There is a cross in every lot,
And an earnest need for prayer.
Paul had his thorn in the flesh — and each Christian, ever since Paul's day, has had his thorn too — perhaps many. But Christ alone had the crown of thorns; for He was the King of sufferers — the chief among all the children of sorrow and affliction. Ah, this shall be my refuge in days of trouble! Should my head be racked with pain — should it be fevered and restless through disease, or be wearied with anxiety and care — I will think of the thorn-crowned Savior! I will remember that in all my affliction, He was afflicted — and that He can sympathize for me in the least, or in the greatest sorrows.
I will remember, too, that the thorns He wore extracted the pain from mine. For to Him they came as part of the great atoning sacrifice for man's guilt — but to me pain and sorrow come as wholesome discipline, to heal the diseases of my soul. Thus the sight of Christ wearing His crown of thorns, shall confirm my faith in His sympathy, and shall enable me more patiently to bear my cross.
A Crown of Thorns! "He was despised and rejected by men." He enters into Jerusalem honored by the multitude who throng around Him. There is something like a day of triumph. The people greet Him as a King. They cut down branches and straw them in the way — they cast their garments beneath His feet. Young and old cry, "Hosanna!" and salute Him as David's royal Son.
But a few days have passed, and all is changed. The fickle crowd have joined His enemies, and the soldiers mock His kingly pretensions. Hence the crown of thorns; hence the purple robe — some cast-off rag of royalty; hence the reed put into His hand in place of a scepter. Yes, and they bow the knee in scorn, and cry, "Hail, King of the Jews!"
"You, Galilean — a King! You, doomed to die as a malefactor — a King! No palace, no throne, no army — yet a King!"
Thus they dishonor the Son of God. And He bore it all without a murmur or an angry word. Let Him but move the hand, but utter a word, but will it in His heart — and the whole host of them would have perished!
Strange and marvelous forbearance. Oh! that I could learn the lesson, and be more gentle, forgiving, and patient towards those who wrong or reproach me!
A Crown of Thorns! What was this but an acted prophecy of glory yet to come? The crown of thorns foreshadows the crown of glory — yes, the many crowns that Messiah shall wear!
"I looked, and behold a white cloud, and upon the cloud sat one like the Son of Man, having a golden crown on His head." (Revelation 14:14.) "Now I saw Heaven opened, and behold, a white horse. And He who sat on him was called Faithful and True, and in righteousness He judges and makes war. His eyes were like a flame of fire, and on His head were many crowns!" Revelation 19:11-12
History tells of a Roman Consul who brought back from Macedonia four hundred golden crowns from the kingdoms and cities he had subdued. But more than these, shall be the crowns of our Emmanuel.
The Crown of creating power and wisdom,
the Crown of providence,
the Crown of earth and Heaven,
the Crown of universal dominion,
the Crown of a glorious redemption,
the Crown of victory over death, and Hell defeated
— all these shall grace the head of Him who shall be owned by all as King of Kings and Lord of Lords. Nor these alone — for of the great multitude before the throne, all shall place on His head the crown of their salvation. It is His victory, and not theirs. "Not unto us, O Lord, not unto us; but unto Your name give the praise, for Your glory and Your truth's sake!"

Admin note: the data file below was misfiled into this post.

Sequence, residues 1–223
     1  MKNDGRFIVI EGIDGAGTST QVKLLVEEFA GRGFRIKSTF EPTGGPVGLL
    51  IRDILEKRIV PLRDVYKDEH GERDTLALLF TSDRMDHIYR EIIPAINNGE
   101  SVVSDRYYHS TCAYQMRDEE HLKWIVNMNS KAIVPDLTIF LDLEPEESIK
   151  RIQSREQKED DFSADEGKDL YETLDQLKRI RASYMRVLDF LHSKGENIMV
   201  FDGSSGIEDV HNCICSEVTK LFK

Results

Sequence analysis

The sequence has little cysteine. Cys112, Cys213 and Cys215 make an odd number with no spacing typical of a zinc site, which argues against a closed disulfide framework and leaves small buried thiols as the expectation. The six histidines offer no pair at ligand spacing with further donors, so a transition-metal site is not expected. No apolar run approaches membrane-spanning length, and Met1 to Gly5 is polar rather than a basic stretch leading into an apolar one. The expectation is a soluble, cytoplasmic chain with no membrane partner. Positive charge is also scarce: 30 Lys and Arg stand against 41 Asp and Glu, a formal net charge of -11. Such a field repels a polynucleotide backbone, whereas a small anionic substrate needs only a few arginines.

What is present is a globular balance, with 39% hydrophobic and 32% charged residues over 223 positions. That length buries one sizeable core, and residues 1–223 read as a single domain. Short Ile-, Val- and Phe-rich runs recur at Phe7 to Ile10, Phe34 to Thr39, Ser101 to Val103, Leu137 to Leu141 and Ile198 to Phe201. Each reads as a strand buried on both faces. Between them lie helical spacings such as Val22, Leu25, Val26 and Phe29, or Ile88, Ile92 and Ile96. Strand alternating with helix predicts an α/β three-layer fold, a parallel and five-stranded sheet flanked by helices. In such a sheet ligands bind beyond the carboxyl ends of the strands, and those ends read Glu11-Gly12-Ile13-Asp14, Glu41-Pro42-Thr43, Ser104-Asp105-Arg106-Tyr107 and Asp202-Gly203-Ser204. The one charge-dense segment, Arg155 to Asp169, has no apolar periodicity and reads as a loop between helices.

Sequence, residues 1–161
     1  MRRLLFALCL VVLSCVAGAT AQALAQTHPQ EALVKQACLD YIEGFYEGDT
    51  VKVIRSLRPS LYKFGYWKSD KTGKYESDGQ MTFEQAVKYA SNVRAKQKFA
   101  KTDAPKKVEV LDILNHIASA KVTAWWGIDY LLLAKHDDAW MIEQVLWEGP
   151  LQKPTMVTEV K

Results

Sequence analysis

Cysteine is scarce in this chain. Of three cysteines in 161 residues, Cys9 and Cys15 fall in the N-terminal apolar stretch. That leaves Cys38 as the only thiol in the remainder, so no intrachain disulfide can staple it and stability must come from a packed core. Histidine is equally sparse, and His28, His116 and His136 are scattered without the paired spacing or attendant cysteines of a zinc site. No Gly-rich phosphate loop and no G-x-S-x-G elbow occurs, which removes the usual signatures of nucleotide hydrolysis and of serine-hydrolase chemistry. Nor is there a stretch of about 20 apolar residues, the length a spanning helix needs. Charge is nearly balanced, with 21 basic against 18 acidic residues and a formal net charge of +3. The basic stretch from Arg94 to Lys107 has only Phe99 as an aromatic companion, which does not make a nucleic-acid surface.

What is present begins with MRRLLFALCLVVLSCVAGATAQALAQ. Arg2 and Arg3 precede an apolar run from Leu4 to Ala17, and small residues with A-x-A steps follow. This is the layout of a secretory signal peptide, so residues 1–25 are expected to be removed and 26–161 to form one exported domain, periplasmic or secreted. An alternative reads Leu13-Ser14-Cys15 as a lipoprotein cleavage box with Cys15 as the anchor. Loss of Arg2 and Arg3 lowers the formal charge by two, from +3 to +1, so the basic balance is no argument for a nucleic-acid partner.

Meanwhile, until that day shall come, let us learn our duty and our privilege.
But there is a word for the Lord's own people. Christian, crown the Savior by your unlimited confidence. Trust Him always, and under all circumstances. Keep back nothing from Him, but leave everything in His hand. Let your fellow-Christians see that your faith in Him is a reality, and brings you support and comfort in the most adverse seasons. Make Him your Hiding-place in the day of trouble. Bring to Him day by day your wants and your worries, your cares and your fears — and leave them in His hand. Let every fresh temptation or trouble give you a fresh errand to His mercy-seat. Take the key of promise, and then, by the hand of faith, you can open wide the treasury of His boundless grace. Lean your weakness upon His strength, and in every conflict look to Him to put your adversary to flight.
Crown Him by joyful songs of praise and thanksgiving. Since He is never weary of blessing you — you should never tire of praising and magnifying His name. Give thanks always for all things in His name. Stir up your heart perpetually in this blessed exercise. Every note of praise, every breath of thanksgiving, every remembrance of His loving-kindness and mercy — brings honor to His name, and is pleasing and acceptable in His sight.
Crown Him by yielding yourself entirely and in everything, to His rule and direction. Submit to Jesus as King indeed. Open wide to Him, the gate of your heart, and let Him rule in every department of your life. Let His will be your law. Submit to His sway, and own Him Lord and Master.
Where you shall go,
what you shall do,
what vineyard-work you shall undertake,
what friendships you shall form,
what engagements you shall make and what decline,
what joys or sorrows may be your lot —
leave all to Him, and desire only to know and do and suffer all His holy will.
So shall He lead you in the paths of peace and holiness, and give you at length the crown of life, purchased for you by His bitter and painful Crown of Thorns!
O Lord Jesus, by all Your pain and suffering, by all the scorn You endured — I beg You to make me faithful in Your service. Teach me to prize You and Your crown of thorns more than all the world can offer me. Reveal Yourself to me in all Your majesty and grace, that I may ever bow before You with deepest reverence.